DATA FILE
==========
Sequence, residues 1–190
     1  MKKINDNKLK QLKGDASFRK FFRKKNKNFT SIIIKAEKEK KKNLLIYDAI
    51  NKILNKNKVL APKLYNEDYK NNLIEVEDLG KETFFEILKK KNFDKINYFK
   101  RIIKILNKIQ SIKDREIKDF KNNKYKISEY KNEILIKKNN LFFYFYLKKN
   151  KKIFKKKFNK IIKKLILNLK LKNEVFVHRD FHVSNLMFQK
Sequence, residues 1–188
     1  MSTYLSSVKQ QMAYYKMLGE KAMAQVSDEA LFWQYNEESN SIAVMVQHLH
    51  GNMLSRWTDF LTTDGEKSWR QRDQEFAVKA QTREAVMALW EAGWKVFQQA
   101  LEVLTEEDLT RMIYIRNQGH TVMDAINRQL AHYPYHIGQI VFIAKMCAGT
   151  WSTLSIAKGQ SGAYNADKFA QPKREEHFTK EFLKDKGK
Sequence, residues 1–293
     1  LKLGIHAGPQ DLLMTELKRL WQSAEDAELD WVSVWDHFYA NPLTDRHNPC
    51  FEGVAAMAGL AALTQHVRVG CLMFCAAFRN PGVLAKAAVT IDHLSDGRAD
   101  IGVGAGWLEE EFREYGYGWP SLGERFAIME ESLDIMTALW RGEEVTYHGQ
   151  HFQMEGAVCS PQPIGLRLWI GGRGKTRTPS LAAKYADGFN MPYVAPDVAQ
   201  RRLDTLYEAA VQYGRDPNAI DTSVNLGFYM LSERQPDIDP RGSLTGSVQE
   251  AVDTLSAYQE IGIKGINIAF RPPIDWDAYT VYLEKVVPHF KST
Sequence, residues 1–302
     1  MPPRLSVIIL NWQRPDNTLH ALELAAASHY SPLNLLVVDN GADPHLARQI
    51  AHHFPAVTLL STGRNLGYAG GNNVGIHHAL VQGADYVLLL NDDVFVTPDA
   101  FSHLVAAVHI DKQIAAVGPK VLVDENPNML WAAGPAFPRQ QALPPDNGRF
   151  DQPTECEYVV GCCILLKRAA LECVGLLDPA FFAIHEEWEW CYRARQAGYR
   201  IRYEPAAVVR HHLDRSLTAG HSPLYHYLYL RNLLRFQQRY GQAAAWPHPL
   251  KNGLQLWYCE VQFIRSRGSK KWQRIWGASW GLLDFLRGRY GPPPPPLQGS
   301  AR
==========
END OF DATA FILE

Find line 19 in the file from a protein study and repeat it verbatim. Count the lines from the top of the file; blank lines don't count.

     1  MPPRLSVIIL NWQRPDNTLH ALELAAASHY SPLNLLVVDN GADPHLARQI